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Find Coins: Tips on Using the eBay Search, Sort Functions
By Mike Thorne, Coins Magazine
June 10, 2013

This article was originally printed in Coins Magazine.
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In my last column, I talked about the process of getting started on eBay, of registering on the site and also of opening a PayPal account. Let’s assume you’ve done those things and are now ready to see if eBay actually has anything you want.

On the opening page, you’ll find at least four ways to search for what you want. The most straightforward way is to type in key words in the slot after the words “I’m looking for….”

For example, if you want to see all the current listings of 1909-S V.D.B. Lincoln cents, then simply start typing that sequence of numbers and letters. When you input 1909-S VDB Lincoln cent, up will pop the information that there are 212 (or whatever the number is when you try it) active auctions selling that coin. If you want to narrow it down further, you can do it by certification service (e.g., 83 listings of PCGS-certified coins when I looked). [Note: For key coins, I would strongly advise you to purchase only coins certified by one of the major services.]

There are several other ways to narrow your search. You can select a format (auction, Buy It Now), a grade (e.g., Very Fine-20, Mint State-65), whether the coin is circulated or uncirculated, free shipping only sales, and so on.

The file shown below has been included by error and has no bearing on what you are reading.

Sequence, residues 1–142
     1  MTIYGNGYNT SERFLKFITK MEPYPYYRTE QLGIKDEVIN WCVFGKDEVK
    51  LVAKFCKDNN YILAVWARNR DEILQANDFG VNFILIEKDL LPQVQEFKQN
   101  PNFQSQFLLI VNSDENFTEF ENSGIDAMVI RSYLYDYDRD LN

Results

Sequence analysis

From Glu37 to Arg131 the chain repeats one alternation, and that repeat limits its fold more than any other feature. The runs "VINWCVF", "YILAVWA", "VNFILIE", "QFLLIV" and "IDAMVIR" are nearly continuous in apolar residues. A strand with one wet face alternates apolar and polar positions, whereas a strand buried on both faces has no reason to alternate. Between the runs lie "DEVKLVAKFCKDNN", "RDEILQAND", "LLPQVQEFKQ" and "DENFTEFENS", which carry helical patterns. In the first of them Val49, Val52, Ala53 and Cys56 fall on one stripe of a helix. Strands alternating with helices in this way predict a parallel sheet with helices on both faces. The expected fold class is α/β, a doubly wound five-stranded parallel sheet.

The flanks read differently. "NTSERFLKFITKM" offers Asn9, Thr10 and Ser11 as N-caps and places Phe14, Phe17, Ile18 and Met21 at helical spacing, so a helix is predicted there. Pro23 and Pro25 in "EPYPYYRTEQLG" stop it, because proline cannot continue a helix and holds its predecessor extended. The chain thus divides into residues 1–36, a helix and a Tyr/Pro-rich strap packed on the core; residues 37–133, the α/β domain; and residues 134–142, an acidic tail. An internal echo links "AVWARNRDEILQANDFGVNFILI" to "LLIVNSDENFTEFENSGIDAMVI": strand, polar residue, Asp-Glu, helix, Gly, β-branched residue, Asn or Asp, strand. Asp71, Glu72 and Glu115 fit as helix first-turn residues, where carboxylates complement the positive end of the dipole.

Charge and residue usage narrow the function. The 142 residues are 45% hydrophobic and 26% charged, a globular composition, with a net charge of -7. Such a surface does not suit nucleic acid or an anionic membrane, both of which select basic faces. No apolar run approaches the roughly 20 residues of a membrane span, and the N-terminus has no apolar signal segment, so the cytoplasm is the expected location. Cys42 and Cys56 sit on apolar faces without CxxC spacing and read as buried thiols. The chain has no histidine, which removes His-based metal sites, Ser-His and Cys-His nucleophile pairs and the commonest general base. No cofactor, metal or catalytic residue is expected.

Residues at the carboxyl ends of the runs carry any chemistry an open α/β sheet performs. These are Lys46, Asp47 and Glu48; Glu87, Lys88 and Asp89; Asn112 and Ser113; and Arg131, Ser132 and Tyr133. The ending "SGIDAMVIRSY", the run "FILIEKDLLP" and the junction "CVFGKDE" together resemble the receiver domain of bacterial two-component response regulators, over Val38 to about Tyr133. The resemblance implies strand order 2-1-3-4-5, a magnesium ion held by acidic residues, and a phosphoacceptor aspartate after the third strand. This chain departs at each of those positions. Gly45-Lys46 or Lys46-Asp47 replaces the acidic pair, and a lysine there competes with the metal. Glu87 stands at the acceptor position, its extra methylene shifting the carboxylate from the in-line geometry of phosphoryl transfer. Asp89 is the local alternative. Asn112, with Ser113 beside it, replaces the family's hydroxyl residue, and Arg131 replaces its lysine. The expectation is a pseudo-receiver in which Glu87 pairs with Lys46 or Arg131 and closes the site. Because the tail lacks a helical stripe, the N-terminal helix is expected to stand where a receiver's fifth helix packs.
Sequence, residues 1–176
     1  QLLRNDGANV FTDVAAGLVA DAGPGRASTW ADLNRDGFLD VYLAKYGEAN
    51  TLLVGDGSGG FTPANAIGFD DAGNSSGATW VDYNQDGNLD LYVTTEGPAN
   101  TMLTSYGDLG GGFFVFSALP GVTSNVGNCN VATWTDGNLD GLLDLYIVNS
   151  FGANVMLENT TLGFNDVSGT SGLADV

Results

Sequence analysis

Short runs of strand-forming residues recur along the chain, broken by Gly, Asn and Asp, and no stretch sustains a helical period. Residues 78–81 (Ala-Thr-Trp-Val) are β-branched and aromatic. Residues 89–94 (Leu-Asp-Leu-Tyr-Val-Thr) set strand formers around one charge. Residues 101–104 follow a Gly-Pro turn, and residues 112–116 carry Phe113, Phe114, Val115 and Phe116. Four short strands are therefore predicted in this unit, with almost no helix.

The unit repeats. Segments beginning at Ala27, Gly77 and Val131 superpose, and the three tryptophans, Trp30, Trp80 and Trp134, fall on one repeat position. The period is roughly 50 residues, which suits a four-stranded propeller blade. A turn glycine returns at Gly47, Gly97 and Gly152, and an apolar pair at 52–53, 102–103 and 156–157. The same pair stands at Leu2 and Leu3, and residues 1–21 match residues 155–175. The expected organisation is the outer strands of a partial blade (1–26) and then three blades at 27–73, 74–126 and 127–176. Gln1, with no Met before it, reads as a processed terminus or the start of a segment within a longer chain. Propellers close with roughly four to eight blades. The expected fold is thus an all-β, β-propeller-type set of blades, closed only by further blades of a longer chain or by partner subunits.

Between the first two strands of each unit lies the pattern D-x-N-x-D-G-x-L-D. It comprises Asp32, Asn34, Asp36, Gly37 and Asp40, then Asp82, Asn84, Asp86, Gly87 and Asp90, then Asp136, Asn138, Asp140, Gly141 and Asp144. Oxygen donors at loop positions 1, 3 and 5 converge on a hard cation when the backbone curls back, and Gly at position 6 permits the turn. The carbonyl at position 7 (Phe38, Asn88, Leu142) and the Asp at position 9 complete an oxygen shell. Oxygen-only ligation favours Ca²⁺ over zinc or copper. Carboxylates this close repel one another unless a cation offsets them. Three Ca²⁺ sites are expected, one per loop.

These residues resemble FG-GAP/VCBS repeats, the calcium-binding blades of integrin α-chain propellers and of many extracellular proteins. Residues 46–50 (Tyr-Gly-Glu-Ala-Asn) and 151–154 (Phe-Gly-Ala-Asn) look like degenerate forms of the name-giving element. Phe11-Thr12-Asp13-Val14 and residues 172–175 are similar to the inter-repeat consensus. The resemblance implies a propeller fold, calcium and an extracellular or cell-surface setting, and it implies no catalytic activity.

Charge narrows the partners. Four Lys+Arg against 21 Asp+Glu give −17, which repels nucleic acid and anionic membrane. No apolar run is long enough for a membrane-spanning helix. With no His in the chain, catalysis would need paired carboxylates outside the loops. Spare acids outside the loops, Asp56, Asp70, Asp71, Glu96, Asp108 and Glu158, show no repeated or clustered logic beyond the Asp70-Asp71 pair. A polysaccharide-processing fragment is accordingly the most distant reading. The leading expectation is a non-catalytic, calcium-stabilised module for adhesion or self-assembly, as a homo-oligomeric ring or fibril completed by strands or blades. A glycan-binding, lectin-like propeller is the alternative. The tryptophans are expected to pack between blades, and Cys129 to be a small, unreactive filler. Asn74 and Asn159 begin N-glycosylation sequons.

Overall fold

In sales with an auction format, the seller picks a starting price, which may either be ridiculously low or a price near the amount the seller would like to get for his coin. Some auction sales have a starting bid amount and a Buy It Now price. Once someone bids the starting amount, the BIN price disappears, and the sale becomes an auction.

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Incidentally, if you encounter a sale with an opening bid and a BIN price and the BIN price is close to what you would like to pay, I would urge you to take the BIN option. If you don’t, and someone places an opening bid, the coin is liable to sell for more than the BIN price.

I’m saying this on the basis of personal experience, by the way, as I missed out on a really nice 1931-S MS-64 Red cent because the BIN price was maybe $10 more than I wanted to pay. I placed an opening bid, and the resulting auction, which I didn’t win, went well beyond the original BIN price.

Back to my search of PCGS-graded 1909-S V.D.B.s: It’s also possible to sort the auctions in various ways. For example, you can sort by the time the auction will end or when the auction was placed on eBay.You can also sort by price, either by lowest price or highest price first.

When I sorted the PCGS-graded 1909-S V.D.B.s by lowest price first, the coin with the lowest price was graded VF-35, and it had been bid up to $107.50. Of course, this was an auction, and the auction had just started, with more than six days left to run, so this was by no means the final price.